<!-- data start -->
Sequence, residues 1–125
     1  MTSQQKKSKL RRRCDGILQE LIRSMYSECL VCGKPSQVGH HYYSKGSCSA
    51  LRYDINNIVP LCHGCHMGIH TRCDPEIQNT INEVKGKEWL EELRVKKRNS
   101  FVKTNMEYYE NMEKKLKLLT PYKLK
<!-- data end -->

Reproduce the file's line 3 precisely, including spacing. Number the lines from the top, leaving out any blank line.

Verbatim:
    51  LRYDINNIVP LCHGCHMGIH TRCDPEIQNT INEVKGKEWL EELRVKKRNS